What is it?
Ask someone to think of a ‘Smart car’ and their immediate image will be of the dinky two-seat Fortwo, renowned for its legendary ability to be parked the opposite way in parallel parking spaces. An icon? Without a doubt.
But in recent years Smart has been quite dormant. Switching to selling purely EVs in 2019, with its Fortwo and Forfour, these city-aimed models with their tiny electric range (80 miles max) have had limited appeal. In recent years, the firm has sold only around a hundred cars a month in the UK. All that changes now with the #1 SUV (pronounced hashtag one). Time to find out what it’s like.
Previously entirely owned by Mercedes-Benz’s parent company Daimler, in 2019 Smart became a new joint venture, half owned by Mercedes still, and half by Geely – the huge Chinese automotive giant that’s changed Volvo’s fortunes around, and is now doing the same with Lotus.
The design of the #1 has been handled by Mercedes, meanwhile Geely has handled the engineering and it uses the latter’s new EV-only platform too. A radical departure from what Smart has done in the past, the #1 is a volume-chasing model competing in the hugely important compact electric SUV segment.
What’s under the bonnet?
From the #1’s launch – of which orders don’t open until early 2023, and deliveries aren’t expected until September next year – there will be two powertrains available. The first is a regular rear-wheel-drive setup, while a flagship 422bhp Brabus model will also be offered..
We’re trying the ‘standard’ car here, which uses a rear motor producing 268bhp and 343Nm of torque, which are healthy figures next to rivals. Getting from 0-60mph takes 6.5 seconds, while the #1 can hit 112mph when maxed out. A 66kWh battery is also used, allowing for a claimed range of up to 273 miles. You can also charge it at up to 150kW, whereby a charge from 10 to 80 per cent can take under half an hour.
What’s it like to drive?
Smart has little intention of its #1 being a challenger for the best drivers’ cars crown, but by class standards the #1 performs well. Though these are still ‘pre-production models’, it feels almost there in that respect.
There’s plentiful pace even from this ‘standard’ car, and few will be left wanting more power on a day-to-day basis, while thanks to the large glass area, visibility is another strong attribute. The plentiful safety equipment included also makes driving through the city much easier. Out on the open road, you’re able to select the level of weight you want to the steering, with ‘heavy’ giving plenty of feel, even if there’s quite a bit of roll through the corners.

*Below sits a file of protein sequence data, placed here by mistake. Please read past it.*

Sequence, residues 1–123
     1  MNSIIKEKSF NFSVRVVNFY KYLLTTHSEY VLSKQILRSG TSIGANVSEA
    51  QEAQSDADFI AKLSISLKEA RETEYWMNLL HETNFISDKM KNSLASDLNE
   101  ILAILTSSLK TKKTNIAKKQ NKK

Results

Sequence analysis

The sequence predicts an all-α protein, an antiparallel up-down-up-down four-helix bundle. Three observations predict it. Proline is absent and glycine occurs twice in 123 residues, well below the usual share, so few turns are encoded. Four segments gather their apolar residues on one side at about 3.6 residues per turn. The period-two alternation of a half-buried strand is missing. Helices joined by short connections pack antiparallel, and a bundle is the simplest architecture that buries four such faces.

The ride quality shows signs of being firm, but we’ll have to wait until we get the #1 in the UK before making a full judgement.
How does it look?
The #1 represents quite a departure from the brand’s current car, and though the firm’s bosses say it’s ‘still a Smart car’, we’re not so sure there’s a clear link. There are subtle Mercedes influences, particularly with the LED light bars at the front and rear, but this is a funky-looking crossover that stands out on the road.
There are some great details on it, such as the pop-out door handles that sit flush with the car when driving or when parked, while the ‘floating roof’ and funky wheel designs are other neat touches. Though this might be a modern-day Smart, the sense of fun remains.
What’s it like inside?
The inside of the Smart #1’s interior is a real highlight, particularly from a spaciousness point of view. The floating centre console (another small link that will be familiar to Mercedes customers) gives a huge storage area underneath, while the amount of room in the rear seats is superb, and far superior to rivals. The downside is that the 313-litre boot is quite small, though there’s a dedicated area under the floor to store the cables out of the way.
Dominating the interior is a new 12.8-inch touchscreen that controls the vast majority of controls. It can be fiddly at first, mainly due to the sheer amount of functions on offer, but it’s super responsive and clear to use. In a futuristic touch, there’s an AI-powered ‘fox’ on the screen that’s said to help you navigate, though we’re not really sure why if we’re being blunt.
What’s the spec like?
As we’ve mentioned, you’ll be waiting more than a year until you can get your hands on a #1 in the UK, but Smart has already confirmed the trim levels.
Standard equipment is very generous, with a 360-degree camera, panoramic sunroof, electric and heated front seats and 64-colour ambient interior included on the entry-level Pro+.
A Premium trim brings leather seats, a Beats sound system and head-up display, while the flagship Brabus brings lots of Alcantara and the huge bump of power,
Smart is yet to confirm pricing, but the firm’s UK boss hopes it will start from around £35,000. If they can stick to that, it looks to be well-priced next to opposition.
Reinventing a brand renowned for such a bold and niche product was always going to be tricky, but the #1 feels like a big step in the right direction for Smart. Ask all the mainstream manufacturers and there isn’t money to be made in dinky cars like the Fortwo, particularly in an electric era. Smart had to change.
Yes, it might be another SUV, but the #1 ensures Smart remains to exist in the future, and the sense of fun and style of the original ‘Smart car’ shines through here. It’s refreshingly different in a class not known for its bravery. It’s unlikely to challenge the best, but promising plentiful equipment, loads of technology and generous cabin space, the #1 has plenty of reasons to make you consider it.